Fun fact #1: The first professional organization I joined was PRIM&R, in 2009. I had recently begun serving as a voting alternate on the IRB at the Veterans Administration center where I worked as a chaplain resident. I had been enjoying the IRB work (yes, really—and that was even in the all-paper days) and as it happened, the 2009 AER Conference was taking place in my backyard: Nashville, TN.
The conference sessions I attended were eye-opening and perspective-enlarging. More importantly, presenters and fellow attendees were patient to a fault, answering my many naïve questions. I realized, despite my lack of experience, that the conversations happening around research ethics were ones for which I felt some inclination and aptitude. I sensed from the outset that I had found a collegial “home,” And so, I joined PRIM&R, on the spot, on my own dime.
I also realized that I had been moving in and out of conversations and situations that involved both clinical and research ethics for some time: I’d already served on committees for my denomination that examined hot-button medical issues, but my connections to research and research ethics were even more personal.
Which leads me to Fun Fact #2: I myself am the subject of incidental findings during a research study and those findings changed my life forever…or at least altered its course a good bit. In 1992, I volunteered for an EPA study that sought to examine what effect air pollution had on folks who were active outdoors. As an avid cyclist, I fit the bill perfectly. The study protocol included bronchoscopies of all participants, a procedure that, then as now, is not particularly risky. However, it was when the flexible tube and fiber optic line made its way to the upper lobe of my left lung that things went a bit sideways.
As the line went past, the research doctor uttered a curious “huh.” He drew the line up, then paused again. He stared at the screens, then excused himself, saying he wanted to get some other doctors to give their perspectives on what he was seeing. Unable to speak, prone, I looked around to get some sense of what was going on. I looked at the screens, but with my untrained eyes, all I could see was “lung.”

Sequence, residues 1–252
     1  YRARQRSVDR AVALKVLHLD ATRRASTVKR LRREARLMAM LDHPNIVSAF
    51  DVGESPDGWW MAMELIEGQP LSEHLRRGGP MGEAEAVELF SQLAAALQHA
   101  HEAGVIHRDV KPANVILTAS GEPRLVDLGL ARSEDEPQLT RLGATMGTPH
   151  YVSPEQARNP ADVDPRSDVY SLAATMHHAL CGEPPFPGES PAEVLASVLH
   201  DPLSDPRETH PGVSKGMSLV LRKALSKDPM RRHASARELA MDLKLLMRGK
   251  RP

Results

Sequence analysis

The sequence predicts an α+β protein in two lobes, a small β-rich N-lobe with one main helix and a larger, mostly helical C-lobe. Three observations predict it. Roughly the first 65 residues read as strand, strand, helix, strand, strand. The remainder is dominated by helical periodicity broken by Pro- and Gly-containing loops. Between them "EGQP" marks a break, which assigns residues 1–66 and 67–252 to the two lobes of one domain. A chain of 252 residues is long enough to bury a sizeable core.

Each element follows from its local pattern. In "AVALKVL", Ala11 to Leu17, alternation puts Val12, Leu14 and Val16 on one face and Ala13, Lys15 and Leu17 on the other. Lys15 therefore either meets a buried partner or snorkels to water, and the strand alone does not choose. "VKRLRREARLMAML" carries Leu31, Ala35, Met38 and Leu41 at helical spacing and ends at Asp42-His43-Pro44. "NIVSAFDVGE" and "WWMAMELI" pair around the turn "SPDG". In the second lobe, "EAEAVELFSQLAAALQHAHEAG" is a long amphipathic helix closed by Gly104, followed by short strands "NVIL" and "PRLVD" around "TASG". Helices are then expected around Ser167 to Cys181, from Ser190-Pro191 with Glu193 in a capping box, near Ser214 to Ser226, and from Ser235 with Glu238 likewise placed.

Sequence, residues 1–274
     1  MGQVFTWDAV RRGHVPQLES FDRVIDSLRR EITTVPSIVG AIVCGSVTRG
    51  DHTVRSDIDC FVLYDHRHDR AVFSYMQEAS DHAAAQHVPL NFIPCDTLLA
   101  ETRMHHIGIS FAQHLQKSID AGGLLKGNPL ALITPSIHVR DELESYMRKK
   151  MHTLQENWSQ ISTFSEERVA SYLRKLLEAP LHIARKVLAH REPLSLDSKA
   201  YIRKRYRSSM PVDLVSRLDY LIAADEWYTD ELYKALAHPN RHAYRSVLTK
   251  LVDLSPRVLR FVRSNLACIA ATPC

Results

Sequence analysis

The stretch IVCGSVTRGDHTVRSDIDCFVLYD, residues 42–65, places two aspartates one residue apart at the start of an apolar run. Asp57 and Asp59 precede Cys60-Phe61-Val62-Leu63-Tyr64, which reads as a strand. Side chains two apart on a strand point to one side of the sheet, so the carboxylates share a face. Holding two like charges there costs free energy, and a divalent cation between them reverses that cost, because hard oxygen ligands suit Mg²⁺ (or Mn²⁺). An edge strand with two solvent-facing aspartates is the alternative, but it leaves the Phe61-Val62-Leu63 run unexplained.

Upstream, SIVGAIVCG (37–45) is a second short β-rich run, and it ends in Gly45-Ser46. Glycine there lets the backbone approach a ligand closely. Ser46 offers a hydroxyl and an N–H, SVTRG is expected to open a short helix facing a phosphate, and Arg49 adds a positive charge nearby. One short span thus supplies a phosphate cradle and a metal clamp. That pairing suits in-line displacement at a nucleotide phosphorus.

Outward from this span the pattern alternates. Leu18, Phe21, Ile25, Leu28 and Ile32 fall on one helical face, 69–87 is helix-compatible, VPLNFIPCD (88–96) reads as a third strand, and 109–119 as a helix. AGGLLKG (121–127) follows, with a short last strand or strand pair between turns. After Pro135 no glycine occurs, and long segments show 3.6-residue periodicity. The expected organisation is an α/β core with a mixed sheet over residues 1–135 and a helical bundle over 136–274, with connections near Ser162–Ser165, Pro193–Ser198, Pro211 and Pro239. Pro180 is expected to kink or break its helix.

When the additional doctors arrived, they crowded close in beside me, they too uttered cryptic “huh”s and “hmm”s. Soon, though, they showed me the little lump they were focused on. Very reactive, it became inflamed as the bronchoscopy line went past. They told me they weren’t equipped to biopsy, but they performed a simple brush test. Not surprisingly, this screened me out of the study, but the staff was kind. The doctors explained they weren’t sure what it was, but suggested other doctors I might consult. They also gave me their information so that I could ask any questions I might have.
Fast forward several years, and that little, very reactive lump became a 3.5 centimeter carcinoid tumor that was successfully removed in 2005. In the interim, my intermittent but worsening breathing problems were attributed to everything from “vog”—the glassy, particulate-laden air pollution common to the big island of Hawai’i where I lived for a year—to the belief that I had the bronchial equivalent of “fair Irish skin.” It was not until much later that I learned the lead doctor on the study had sent a letter suggesting that little lump might well be the beginnings of a carcinoid tumor—but since I was in my nomadic early 20s during the study period, I’d already moved from the address to which he sent it, and I never received it. (I have since made contact with this doctor, and his kindness cannot be overemphasized).
So this brings us to Fun Fact #3: I attend PRIM&R’s Advancing Ethical Research Conferences, because I’m invested—bodily and professionally—in the issues at hand. I look forward, as I always do, to seeing the friends I miss throughout the year, and to the opportunities to learn with, and from, them. I look forward to the book group, always a favorite (have you ordered your copy of The Malaria Project yet?), and to having conversations around a lunch table that often spill over to dinner in the evening. I can’t wait to get the day started with early morning “Stafford runs,” and head energized into the events of the day. Most of all, though, I’ll just be glad to spend a few days in this eclectic, collegial, “home.” And that’s a fact.
Learn more about our AER15 Blog Squad members here.
Dahron Johnson, BA, chaplain at the Tennessee Valley Healthcare System, is a member of the PRIM&R Blog Squad for the 2015 AER Conference. The PRIM&R Blog Squad is composed of PRIM&R members who blogged here, on Ampersand, to give our readers an inside peek of what happened at the conference in Boston, MA.